An acquisition, tracking, and pointing (ATP) system is proposed for aiming an optical- communications downlink laser beam from deep space. In providing for a direction reference, the concept exploits the mature technology of star trackers to eliminate the need for a costly and potentially hazardous laser beacon. The system would include one optical and two inertial sensors, each contributing primarily to a different portion of the frequency spectrum of the pointing signal: a star tracker (<10 Hz), a gyroscope (<50 Hz), and a precise fluid-rotor inertial angular-displacement sensor (sometimes called, simply, “angle sensor”) for the frequency range >50 Hz. The outputs of these sensors would be combined in an iterative averaging process to obtain high- bandwidth, high-accuracy pointing knowledge. The accuracy of pointing knowledge obtainable by use of the system was estimated on the basis of an 8-cm-diameter telescope and known parameters of commercially available star trackers and inertial sensors: The single-axis pointing-knowledge error was found to be characterized by a standard deviation of 150 nanoradians — below the maximum value (between 200 and 300 nanoradians) likely to be tolerable in deep-space optical communications.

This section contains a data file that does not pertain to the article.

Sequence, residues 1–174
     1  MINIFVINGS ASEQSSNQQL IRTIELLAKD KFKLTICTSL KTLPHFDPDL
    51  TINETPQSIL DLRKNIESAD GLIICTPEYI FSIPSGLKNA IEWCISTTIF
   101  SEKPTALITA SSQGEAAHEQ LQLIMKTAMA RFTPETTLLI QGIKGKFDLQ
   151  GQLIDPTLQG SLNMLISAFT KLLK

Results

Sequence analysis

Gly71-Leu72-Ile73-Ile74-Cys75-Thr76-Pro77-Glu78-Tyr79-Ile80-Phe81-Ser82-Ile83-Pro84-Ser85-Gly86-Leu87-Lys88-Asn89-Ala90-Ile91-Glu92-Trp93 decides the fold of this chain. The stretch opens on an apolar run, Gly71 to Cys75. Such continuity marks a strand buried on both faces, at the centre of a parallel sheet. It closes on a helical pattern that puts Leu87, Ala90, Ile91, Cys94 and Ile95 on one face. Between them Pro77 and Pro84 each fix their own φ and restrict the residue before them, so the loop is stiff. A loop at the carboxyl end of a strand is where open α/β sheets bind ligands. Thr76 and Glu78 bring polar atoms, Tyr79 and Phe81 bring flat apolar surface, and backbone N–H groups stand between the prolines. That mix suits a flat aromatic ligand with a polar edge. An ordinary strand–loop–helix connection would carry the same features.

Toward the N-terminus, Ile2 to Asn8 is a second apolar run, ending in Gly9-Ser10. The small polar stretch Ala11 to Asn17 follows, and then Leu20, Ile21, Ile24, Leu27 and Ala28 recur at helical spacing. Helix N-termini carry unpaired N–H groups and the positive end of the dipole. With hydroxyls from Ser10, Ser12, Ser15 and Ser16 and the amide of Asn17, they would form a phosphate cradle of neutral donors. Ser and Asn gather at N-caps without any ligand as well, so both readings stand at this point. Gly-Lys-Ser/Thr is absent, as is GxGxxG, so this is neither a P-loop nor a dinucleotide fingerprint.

Posted in: Briefs

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Polar Traverse Rover Instrument